American Vandal starts to remind me of Rian Johnson's Brick once it digs deeper into the vandalism case, in which the moving parts of an adult-caliber issue reflect upon the current state of high-schoolers and how they perceive others. The way that a high-profile case has been recontextualized for suspension from school reveals a wealth of cleverness, from the difference in burden-of-proof to how a criminal act of reasonably low severity could have a significant impact on younger individuals within its sphere, whether it's accomplices to the act or learning about other people's unrelated wrongdoings brought to light by the investigation. It also smartly uses the digital age of immediately uploading data to its advantage, offering commentary both on the hostility around journalism and the impact that allegations or dirty little secrets can have on reputations. I was surprised at the substance that gradually sinks into the tension built around a high-caliber prank.
Twists and turns abound in American Vandal through its smartly-crafted and immersive mockumentary construction, where the real-time discoveries of Peter and Sam result in clever red herrings and second-guessing of who's responsible for the incident. What's impressive about how it all wraps up is that it doesn't take the easy way out: the damage has been done by the details learned by students and teachers both, and it can't be reversed. The reveal of who's responsible for the prank isn't terribly climactic or conclusive -- you'd think Peter or Sam would've done a bit of due diligence that would've bypassed -- but the ambiguous directions taken by American Vandal make up for it in meaningfulness, leaving whoever's watched the documentary, both in universe and on the other side of the screen, with some hairy issues to consider.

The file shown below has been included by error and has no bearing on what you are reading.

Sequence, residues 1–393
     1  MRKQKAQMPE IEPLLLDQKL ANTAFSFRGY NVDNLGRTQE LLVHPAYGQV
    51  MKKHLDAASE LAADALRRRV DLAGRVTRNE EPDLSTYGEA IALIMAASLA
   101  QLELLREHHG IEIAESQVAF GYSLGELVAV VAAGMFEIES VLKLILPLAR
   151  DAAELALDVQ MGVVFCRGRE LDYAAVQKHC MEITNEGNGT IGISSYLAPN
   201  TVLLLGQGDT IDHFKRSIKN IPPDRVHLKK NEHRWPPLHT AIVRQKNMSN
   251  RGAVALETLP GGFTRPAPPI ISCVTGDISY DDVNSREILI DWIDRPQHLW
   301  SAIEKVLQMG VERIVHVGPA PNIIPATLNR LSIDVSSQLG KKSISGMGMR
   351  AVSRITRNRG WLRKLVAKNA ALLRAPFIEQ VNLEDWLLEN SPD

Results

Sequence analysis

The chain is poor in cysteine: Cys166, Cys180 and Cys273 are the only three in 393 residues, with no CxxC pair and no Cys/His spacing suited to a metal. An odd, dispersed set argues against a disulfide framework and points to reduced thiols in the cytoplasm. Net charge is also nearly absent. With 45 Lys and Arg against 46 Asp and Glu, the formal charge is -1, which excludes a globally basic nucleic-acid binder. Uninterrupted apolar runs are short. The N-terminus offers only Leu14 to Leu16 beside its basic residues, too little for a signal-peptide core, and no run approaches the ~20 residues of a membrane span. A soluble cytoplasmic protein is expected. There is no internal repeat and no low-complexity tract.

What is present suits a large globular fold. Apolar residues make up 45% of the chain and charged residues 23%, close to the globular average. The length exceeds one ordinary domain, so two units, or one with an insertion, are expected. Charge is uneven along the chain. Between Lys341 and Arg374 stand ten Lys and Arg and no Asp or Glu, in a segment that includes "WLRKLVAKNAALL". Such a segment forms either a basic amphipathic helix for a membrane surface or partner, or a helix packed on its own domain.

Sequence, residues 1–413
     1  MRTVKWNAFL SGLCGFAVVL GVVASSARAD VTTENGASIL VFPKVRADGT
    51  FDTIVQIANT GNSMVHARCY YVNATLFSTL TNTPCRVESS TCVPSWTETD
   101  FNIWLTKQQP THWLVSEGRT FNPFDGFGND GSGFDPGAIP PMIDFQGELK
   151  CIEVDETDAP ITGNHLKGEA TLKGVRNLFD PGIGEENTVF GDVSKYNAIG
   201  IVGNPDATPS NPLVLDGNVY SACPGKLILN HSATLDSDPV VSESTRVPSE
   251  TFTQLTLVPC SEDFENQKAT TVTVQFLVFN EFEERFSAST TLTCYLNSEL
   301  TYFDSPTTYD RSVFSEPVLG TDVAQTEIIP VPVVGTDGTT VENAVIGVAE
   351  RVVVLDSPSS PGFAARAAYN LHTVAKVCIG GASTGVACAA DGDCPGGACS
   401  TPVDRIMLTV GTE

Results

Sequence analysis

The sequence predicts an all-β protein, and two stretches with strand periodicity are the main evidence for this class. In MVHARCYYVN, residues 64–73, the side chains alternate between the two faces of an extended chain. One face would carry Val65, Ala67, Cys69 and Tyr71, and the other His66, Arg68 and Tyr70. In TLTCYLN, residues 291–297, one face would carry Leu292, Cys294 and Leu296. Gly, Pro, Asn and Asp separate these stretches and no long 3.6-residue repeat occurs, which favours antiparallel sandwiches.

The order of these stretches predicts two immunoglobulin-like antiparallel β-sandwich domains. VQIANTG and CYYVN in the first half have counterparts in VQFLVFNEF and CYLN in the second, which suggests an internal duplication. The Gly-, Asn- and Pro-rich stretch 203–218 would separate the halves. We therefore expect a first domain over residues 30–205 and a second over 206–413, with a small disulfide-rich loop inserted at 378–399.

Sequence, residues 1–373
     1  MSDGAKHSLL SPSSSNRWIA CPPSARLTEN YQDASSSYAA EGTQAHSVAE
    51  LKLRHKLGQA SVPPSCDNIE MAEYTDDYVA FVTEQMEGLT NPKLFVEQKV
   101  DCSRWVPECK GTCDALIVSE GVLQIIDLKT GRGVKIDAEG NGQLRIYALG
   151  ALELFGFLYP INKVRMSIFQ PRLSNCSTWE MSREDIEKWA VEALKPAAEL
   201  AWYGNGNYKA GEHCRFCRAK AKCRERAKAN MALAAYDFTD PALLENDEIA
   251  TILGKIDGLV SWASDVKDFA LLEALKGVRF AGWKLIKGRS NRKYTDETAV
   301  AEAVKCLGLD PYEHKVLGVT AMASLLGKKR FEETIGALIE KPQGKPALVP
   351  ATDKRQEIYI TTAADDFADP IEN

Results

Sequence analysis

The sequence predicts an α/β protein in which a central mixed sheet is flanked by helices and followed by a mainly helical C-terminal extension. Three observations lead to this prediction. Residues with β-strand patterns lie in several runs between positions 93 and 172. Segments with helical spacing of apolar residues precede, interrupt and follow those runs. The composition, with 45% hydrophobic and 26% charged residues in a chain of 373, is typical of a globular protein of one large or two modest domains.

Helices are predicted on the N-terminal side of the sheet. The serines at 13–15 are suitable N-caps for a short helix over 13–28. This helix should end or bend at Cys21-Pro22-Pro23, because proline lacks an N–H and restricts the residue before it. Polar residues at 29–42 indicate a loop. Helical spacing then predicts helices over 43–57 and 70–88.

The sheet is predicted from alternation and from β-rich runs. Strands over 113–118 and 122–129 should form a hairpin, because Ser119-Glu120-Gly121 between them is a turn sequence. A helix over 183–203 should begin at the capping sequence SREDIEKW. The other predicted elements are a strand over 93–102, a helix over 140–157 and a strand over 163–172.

Video and Audio:
Each disc of American Vandal comes equipped with four 40-plus minute episodes, so we're essentially working with a long movie's worth of content crammed onto each one. The quality's about what you'd expect out of a modern, digitally-shot series condensed into standard-definition: it looks great, if a bit smooth and restrained in color at a few points. The documentary aesthetic allows the camerawork to do a lot of refocusing and zeroing in on details, and the clarity of fine points in hair, clothes, and earthy and urban textures gets a lot done with little effort, approaching HD clarity when upscaled. The palette leans a little less colorful, but that fits with the true-crime intentions of the project, and the richness of red spraypaint, the vibrancy of green foliage, and skin tones are impressive under the circumstances. Not an interesting collection of DVD transfers, but it wraps up the case well enough.